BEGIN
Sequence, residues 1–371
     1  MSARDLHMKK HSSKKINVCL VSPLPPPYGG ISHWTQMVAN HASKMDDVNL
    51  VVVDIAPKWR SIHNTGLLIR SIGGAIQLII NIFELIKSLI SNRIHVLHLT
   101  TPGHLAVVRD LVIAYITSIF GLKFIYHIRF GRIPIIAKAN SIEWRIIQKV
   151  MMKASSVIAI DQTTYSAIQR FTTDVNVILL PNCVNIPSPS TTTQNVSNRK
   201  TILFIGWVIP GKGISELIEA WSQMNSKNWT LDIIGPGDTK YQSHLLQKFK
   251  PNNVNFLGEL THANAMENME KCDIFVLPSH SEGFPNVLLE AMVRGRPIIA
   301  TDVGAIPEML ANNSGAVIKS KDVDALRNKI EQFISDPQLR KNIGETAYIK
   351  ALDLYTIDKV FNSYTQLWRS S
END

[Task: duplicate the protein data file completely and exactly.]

Sequence, residues 1–371
     1  MSARDLHMKK HSSKKINVCL VSPLPPPYGG ISHWTQMVAN HASKMDDVNL
    51  VVVDIAPKWR SIHNTGLLIR SIGGAIQLII NIFELIKSLI SNRIHVLHLT
   101  TPGHLAVVRD LVIAYITSIF GLKFIYHIRF GRIPIIAKAN SIEWRIIQKV
   151  MMKASSVIAI DQTTYSAIQR FTTDVNVILL PNCVNIPSPS TTTQNVSNRK
   201  TILFIGWVIP GKGISELIEA WSQMNSKNWT LDIIGPGDTK YQSHLLQKFK
   251  PNNVNFLGEL THANAMENME KCDIFVLPSH SEGFPNVLLE AMVRGRPIIA
   301  TDVGAIPEML ANNSGAVIKS KDVDALRNKI EQFISDPQLR KNIGETAYIK
   351  ALDLYTIDKV FNSYTQLWRS S